They’re ready.

“It’s been unreal, really,” said Sago, whose father has been a referee for more than 30 years. “It’s just been a very fast path for my officiating career and I wouldn’t change it for the world. I’ve had great role models, Lauren being one, and other NBA referees at these camps who kept saying, `You’ve got something.’ And all of a sudden, bam, I got the phone call and it’s such an honor.”

Sago got the call from NBA senior vice president and head of referee operations Michelle Johnson as her flight from one G League game to another earlier this month was taking off. She had to wait nearly two hours before she could call her father to give the news.

Her rise was also rapid: She got spotted at a Division III game in St. Louis – a Sunday afternoon game before about 15 fans – about three years ago and invited to an NBA camp.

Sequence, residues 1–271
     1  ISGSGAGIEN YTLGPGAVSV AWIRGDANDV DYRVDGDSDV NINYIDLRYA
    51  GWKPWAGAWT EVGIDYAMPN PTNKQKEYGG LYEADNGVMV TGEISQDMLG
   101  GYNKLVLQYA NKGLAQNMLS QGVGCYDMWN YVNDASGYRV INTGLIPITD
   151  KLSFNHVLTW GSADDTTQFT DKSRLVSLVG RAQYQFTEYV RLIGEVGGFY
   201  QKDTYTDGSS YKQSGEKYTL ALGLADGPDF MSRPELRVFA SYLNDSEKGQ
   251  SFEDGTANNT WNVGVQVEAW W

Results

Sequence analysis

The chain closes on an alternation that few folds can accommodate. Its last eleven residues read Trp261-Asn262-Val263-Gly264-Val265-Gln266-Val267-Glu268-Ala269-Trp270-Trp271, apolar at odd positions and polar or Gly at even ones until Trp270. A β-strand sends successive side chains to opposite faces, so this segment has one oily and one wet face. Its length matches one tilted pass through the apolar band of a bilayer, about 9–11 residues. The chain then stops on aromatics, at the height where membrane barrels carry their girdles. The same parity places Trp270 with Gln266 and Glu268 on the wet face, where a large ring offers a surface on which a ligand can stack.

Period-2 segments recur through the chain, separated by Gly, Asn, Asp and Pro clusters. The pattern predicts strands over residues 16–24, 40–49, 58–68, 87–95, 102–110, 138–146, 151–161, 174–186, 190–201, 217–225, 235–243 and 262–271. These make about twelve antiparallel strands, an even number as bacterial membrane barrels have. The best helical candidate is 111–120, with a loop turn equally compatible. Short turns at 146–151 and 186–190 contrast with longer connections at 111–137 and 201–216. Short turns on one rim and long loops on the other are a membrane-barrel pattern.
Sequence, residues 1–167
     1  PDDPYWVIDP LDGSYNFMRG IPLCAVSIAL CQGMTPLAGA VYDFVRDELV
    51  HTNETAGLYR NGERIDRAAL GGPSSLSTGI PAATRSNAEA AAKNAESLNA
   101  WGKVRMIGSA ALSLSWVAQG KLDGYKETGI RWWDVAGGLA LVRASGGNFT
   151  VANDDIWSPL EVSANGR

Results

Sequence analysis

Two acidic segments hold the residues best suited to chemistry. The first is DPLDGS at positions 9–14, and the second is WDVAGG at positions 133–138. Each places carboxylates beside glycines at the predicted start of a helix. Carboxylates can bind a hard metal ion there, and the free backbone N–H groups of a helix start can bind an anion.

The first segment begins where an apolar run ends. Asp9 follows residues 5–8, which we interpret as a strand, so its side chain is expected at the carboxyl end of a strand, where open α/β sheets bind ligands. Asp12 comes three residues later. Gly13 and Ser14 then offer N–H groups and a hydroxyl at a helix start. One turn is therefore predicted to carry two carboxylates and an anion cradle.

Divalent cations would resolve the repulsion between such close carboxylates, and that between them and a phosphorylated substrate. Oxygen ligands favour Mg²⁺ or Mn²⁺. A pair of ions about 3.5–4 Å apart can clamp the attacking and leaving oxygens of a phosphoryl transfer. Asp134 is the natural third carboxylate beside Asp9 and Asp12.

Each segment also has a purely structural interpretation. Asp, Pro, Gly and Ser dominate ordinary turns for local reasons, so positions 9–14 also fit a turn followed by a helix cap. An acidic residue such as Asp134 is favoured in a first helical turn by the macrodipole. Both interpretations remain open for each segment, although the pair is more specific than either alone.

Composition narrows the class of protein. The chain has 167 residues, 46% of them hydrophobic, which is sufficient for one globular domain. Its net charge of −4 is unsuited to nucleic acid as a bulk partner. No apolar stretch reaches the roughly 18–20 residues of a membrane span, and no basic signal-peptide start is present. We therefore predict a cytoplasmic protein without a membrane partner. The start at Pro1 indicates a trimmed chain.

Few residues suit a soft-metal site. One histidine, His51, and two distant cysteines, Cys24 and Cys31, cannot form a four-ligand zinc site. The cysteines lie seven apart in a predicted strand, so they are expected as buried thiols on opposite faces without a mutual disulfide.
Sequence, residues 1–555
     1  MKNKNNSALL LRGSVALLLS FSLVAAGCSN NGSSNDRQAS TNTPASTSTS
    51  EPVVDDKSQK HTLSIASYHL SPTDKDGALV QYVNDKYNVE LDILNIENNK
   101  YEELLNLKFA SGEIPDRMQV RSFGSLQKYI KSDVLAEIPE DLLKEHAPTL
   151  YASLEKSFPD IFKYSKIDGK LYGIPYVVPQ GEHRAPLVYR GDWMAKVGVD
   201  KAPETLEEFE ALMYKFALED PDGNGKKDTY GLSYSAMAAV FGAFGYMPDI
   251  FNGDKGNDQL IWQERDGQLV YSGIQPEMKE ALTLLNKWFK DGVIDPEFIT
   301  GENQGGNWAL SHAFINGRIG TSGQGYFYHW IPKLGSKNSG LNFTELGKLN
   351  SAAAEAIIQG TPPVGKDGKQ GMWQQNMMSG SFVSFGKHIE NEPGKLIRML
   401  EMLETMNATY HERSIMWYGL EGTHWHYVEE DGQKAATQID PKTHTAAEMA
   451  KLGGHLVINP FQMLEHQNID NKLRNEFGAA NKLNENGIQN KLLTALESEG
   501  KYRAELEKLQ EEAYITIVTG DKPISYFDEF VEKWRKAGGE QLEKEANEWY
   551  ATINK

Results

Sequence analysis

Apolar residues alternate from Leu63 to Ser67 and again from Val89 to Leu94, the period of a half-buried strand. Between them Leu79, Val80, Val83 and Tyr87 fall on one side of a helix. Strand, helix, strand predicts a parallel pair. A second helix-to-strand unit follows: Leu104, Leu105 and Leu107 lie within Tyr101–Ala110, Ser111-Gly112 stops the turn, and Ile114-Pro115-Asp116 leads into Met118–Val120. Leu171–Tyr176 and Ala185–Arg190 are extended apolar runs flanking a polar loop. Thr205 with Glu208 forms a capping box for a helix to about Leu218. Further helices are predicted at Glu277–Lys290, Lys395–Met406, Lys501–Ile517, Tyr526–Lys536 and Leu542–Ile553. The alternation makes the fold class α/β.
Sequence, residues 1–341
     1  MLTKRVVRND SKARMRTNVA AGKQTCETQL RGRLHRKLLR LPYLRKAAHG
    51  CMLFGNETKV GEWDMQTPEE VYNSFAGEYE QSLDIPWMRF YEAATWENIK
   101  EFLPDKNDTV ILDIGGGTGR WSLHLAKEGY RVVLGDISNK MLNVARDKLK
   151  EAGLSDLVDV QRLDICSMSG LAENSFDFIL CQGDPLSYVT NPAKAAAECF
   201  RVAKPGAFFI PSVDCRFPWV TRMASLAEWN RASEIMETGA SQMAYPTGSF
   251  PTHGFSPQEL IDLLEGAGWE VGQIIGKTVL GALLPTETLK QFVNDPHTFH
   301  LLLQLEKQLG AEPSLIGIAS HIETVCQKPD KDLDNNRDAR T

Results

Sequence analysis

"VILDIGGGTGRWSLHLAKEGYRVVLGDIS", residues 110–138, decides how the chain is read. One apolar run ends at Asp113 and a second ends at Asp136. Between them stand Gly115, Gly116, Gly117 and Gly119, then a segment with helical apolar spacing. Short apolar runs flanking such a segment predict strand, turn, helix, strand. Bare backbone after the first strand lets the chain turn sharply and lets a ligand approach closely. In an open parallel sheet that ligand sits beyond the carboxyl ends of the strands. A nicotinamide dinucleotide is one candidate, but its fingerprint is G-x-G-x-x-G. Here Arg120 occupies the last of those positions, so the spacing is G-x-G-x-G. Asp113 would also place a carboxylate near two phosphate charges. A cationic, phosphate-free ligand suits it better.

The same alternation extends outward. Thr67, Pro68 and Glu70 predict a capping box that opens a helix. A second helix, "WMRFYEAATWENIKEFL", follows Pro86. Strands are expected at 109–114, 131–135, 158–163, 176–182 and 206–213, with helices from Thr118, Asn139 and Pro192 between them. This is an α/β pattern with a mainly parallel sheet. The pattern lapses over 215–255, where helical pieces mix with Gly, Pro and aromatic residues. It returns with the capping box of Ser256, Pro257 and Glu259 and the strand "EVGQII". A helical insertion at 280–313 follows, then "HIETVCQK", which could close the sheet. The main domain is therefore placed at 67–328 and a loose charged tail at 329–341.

“It’s very unique, how quickly it’s happened,” Sago said.

There will be a day when Moyer-Gleich, Sago and Holtkamp – along with any other women who follow them, something that seems quite likely with 17 other women working games in the G League this season – will get judged like any other referee, without the `female’ disclaimer.

They all know that day isn’t here yet.

“Everything that we do, that’s in comparison to the same exact thing our male counterparts might do, will be magnified,” said Moyer-Gleich, a standout player at Millersville University in her native Pennsylvania before starting her ref career. “What we do will be held under a microscope. Right, wrong, indifferent, I have come to peace with that.”

Palmer worked 919 contests before retiring in 2016. Kantner refereed 247 games between 1997 and 2002. Holtkamp has been assigned 214 games, and former non-staff official Brenda Pantoja – who never made the full-fledged ranks – was part of seven crews in the 2012-13 and 2013-14 seasons.